Flimflamazon.com is the domain name. When you are looking at a URL, there can be other stuff BEFORE a domain name. This is called a sub domain.
If I own Flimflamazon.com, and I want to make a subdomain, like “help.flimflamazon.com,” or “support.flimflamazon.com,” or “account.flimflamazon.com,” I can do that. Nobody else is able to create a subdomain without actually owning the rights to flimflamazon.com.
There can also be stuff in the URL after the domain name, after a forward slash (/) or question mark (?). This represents sub pages or variables on that site, but these elements typically cannot have periods in them. There is an exception, but we’ll cover that in the moment.
Flimflamazon.com could have millions of subpages, so anything after a forward slash is fair game.
If there is a period AFTER the domain name of the website you want to go to, then it might be a trap.
- https://www.flimflamazon.com/gp/help/customer/account-issues – This is safe, because there isn’t a period after the .com.
- https://support.flimflamazon.com/ – This is safe, because the extra period is before the company’s domain name (in this case, flimflamazon.com)
- https://support.account.flimflamazon.com/customer-support/password-reset – Again, this is safe because there are no periods after flimlamazon.com, regardless of how many subdomains (extra periods) are before it in the URL.
- https://support.flimflamazon.ru – Time to slow down. While Flimflamazon might legitimately have a .ru domain, not every business has every variation of domain extension (like .org, .net, .co, .co.uk, etc.). As soon as you get something you don’t expect, start to scrutinize even more. If a company owns their .com domain, they might not also own the .net, for example.
- https://flimflamazon.com.passwordservices.com/help/account-issues – This one is dangerous. This URL is technically taking you to a site called passwordservices.com. We just made that up for the example. Anyone could purchase that domain (or something similar) and spoof the URL to say Flimflamazon before the first period. It’s tricky because it’s easy to miss.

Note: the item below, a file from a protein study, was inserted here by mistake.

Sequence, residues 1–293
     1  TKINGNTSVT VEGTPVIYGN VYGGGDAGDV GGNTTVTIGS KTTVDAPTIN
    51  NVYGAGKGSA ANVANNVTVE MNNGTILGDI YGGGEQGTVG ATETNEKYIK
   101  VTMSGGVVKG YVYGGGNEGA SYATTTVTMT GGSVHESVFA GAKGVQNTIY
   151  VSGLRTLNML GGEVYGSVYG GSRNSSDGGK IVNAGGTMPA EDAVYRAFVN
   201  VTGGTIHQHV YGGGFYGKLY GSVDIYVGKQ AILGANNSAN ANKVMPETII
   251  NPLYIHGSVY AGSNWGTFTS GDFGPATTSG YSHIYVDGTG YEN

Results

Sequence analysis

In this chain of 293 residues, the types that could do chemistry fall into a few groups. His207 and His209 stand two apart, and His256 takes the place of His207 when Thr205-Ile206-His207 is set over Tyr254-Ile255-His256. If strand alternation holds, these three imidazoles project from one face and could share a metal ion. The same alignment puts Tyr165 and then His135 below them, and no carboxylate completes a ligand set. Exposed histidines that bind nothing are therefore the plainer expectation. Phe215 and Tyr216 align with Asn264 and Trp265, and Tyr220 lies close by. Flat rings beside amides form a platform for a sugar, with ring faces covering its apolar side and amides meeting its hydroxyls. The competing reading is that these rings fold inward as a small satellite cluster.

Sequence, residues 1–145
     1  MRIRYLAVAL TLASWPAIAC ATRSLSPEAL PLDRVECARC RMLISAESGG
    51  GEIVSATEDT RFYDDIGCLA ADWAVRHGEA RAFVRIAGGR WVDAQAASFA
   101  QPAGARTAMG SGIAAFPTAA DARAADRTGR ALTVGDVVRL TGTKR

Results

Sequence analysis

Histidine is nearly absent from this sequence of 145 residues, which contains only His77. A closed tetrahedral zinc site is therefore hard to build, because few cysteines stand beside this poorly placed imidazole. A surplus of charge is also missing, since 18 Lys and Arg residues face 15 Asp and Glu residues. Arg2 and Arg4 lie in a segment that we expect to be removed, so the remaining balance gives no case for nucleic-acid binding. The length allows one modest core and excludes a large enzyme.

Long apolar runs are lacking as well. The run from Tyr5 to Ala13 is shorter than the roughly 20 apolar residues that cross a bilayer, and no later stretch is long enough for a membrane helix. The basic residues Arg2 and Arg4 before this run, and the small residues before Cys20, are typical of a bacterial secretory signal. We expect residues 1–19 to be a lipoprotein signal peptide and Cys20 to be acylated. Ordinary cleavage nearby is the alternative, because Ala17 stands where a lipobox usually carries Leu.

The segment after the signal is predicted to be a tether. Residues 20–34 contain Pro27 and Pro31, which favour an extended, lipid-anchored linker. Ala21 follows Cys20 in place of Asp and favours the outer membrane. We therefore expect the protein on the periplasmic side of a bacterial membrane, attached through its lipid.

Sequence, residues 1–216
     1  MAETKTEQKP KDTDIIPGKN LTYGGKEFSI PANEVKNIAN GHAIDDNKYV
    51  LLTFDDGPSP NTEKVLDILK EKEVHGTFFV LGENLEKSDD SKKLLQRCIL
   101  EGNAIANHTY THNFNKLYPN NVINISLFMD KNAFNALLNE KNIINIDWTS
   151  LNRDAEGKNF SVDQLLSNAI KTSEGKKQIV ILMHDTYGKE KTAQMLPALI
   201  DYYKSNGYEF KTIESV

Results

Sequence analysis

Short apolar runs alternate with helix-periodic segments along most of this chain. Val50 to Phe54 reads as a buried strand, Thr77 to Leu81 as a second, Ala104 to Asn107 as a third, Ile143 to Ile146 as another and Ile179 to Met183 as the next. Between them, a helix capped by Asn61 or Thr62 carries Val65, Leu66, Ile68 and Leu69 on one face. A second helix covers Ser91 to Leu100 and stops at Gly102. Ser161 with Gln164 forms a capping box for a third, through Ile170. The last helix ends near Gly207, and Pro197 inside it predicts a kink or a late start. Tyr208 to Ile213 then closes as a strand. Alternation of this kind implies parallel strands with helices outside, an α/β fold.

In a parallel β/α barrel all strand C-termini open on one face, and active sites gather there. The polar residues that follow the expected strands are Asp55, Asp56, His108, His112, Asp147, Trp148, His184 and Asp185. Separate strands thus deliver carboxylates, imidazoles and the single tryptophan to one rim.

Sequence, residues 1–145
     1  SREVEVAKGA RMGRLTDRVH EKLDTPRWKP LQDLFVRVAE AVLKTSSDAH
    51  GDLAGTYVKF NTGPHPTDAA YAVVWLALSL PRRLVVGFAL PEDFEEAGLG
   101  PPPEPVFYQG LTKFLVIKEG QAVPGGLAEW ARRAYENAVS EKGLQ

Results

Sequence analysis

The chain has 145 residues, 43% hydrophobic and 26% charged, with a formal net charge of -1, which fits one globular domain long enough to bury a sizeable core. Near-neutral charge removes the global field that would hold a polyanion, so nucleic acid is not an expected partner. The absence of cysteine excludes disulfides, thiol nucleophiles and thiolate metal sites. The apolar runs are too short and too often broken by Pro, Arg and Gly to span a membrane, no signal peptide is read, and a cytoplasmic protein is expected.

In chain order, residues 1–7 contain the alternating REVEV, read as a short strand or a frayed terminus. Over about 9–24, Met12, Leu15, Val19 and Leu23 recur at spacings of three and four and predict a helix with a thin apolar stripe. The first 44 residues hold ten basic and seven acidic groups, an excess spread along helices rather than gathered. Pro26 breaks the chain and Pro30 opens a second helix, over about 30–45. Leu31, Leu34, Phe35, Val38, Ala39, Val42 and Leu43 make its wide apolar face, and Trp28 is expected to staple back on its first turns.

Let’s take a look at another example, using PayPal:
- paypal.com – Safe
- paypal.com/activatecard – Safe
- business.paypal.com – Safe
- business.paypal.com/retail – Safe
- paypal.com.activatecard.net – Suspicious!
- paypal.com.activatecard.net/secure – Suspicious!
- paypal.com/activatecard/tinyurl.com/retail – Suspicious!
Keep in mind, these URLs above may or may not be real, we’re just making them up for the sake of an example!
Some websites might have a period towards the end of the URL, ending with a file type. This might be something like .html, .htm, .asp, .php, and others.
Other files, like PDF files, documents, and images, will have their own extensions too, such as .pdf, .doc, .jpg, .gif, and .png.
While these files can generally be safe, it is possible that malware can be stored within a document or file. Going directly to one of these files can be especially dangerous if they happen to be malicious.
Most businesses won’t give you direct links to files like this without making sure you understand what you are doing. If Flimflamazon wanted you to download a PDF ebook, you would have a legitimate download button on a legitimate Flimflamazon.com page that links to the PDF, not a link or attachment in an email.
Be careful what you click on! Legitimate-looking emails can have dangerous links.
Hover over a link to carefully read where it is going to send you before you click on it. If there is a period after the domain, or there are misspellings or other oddities, be skeptical!
If you ever get an email from a reputable source telling you to log into your account to fix an urgent problem, don’t do so with the links in the email; log in the way you normally would.
We hope this helps! Share this blog post with your colleagues and friends to help make the web a safer place!